The official count in Mexico's presidential election concluded Friday with results showing that presidential candidate Enrique Pena Nieto got about 3.3 million more votes than his closest rival, giving him a 6.6 per cent lead in the former ruling party's bid to regain power.
The count by the country's electoral authority, which included a ballot-by-ballot recount at more than half of polling places, showed Pena Nieto getting 38.21 per cent of votes. His top challenger, leftist Andres Manuel Lopez Obrador, got 31.59 per cent. The final count was almost exactly the same as the quick count released hours after the elections.
The results, out of roughly 50.3 million valid ballots, will almost certainly become the target of legal challenges by Lopez Obrador. He alleges that Pena Nieto's Institutional Revolutionary Party, or PRI, engaged in vote-buying that illegally tilted millions of votes. PRI officials deny the charge.
Josefina Vazquez Mota of the conservative National Action Party got 25.41 per cent of votes cast in Sunday's elections, and the small New Alliance Party got 2.29 per cent, barely passing the two-per cent barrier needed to preserve the party's place on future ballots.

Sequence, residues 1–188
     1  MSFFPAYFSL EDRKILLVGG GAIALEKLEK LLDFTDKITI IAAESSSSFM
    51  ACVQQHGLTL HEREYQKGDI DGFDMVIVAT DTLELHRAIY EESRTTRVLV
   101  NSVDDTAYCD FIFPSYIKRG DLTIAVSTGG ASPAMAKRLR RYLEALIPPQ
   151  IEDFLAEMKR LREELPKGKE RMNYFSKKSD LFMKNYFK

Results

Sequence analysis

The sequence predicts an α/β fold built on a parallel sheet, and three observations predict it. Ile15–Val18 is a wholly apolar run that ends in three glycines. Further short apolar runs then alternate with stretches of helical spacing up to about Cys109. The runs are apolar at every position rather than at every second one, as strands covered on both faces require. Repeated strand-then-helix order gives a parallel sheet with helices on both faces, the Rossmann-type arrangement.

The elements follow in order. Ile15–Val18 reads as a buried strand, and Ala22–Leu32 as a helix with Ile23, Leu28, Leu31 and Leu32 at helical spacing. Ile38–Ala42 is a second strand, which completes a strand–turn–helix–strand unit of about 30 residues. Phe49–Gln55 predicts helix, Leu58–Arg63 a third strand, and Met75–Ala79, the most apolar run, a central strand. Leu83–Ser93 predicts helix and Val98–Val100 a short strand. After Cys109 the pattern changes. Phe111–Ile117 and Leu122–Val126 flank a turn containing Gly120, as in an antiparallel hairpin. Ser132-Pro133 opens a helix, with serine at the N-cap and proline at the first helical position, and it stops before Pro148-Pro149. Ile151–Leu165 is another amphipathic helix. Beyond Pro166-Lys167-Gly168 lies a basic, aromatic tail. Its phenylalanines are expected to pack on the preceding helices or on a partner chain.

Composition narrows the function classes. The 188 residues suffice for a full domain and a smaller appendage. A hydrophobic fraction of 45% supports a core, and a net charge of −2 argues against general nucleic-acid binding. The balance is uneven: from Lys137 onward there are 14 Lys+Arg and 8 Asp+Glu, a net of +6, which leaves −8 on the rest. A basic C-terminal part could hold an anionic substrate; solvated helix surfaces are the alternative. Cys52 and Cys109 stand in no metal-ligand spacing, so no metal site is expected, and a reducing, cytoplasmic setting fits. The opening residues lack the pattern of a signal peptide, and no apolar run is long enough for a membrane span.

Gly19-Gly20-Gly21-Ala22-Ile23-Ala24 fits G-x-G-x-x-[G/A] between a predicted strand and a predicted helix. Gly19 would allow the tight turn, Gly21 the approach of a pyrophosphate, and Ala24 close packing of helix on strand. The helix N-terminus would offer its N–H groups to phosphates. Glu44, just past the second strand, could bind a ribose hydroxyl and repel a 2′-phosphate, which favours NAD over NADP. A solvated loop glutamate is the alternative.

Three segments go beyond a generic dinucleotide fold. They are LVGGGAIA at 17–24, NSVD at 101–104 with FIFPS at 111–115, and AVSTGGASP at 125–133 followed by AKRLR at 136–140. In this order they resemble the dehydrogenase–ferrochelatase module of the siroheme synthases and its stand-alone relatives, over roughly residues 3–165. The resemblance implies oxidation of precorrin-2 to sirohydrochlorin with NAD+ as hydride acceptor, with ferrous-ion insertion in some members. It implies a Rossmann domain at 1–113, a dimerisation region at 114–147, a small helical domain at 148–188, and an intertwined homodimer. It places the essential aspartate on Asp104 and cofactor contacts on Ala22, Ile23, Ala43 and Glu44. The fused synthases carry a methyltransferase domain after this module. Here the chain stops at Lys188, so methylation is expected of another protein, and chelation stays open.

Almost 2.5 per cent of ballots where voided; while some voters in Mexico void their ballots as a form of protest, some also simply make mistakes in marking them.
The final vote count must be certified in September by the Federal Electoral Tribunal. The tribunal has declined to overturn previously contested elections, including a 2006 presidential vote that was far closer than Sunday's.
Accusations of vote-buying
Accusations of vote-buying began surfacing in June, but sharpened early this week as thousands of people rushed to grocery stores on the outskirts of Mexico City to redeem pre-paid gift cards worth about 100 pesos ($7.50). Many said they got the cards from PRI supporters before Sunday's elections.
Lopez Obrador said millions of voters had received either pre-paid cards, cash, groceries, construction materials or appliances. Lopez Obrador would not rule out street protests, like the one he led in 2006 to protest alleged fraud in the presidential elections of that year, which he narrowly lost to President Felipe Calderon.
But he said Thursday that his challenge of the results would be channeled through legal venues, like the electoral institute and courts.
"We have acted and we will continue to act in a responsible way, adhering to the legal procedure. Nobody can say we are violating the law," Lopez Obrador said.
Leonardo Valdes, the president of the Federal Electoral Institute, said he doesn't see any grounds for overturning the results.
"I do not see any justification for rejecting the entirety of the election results," Valdes said. "Rejecting the results would be like rejecting the effort of those 50 million voters."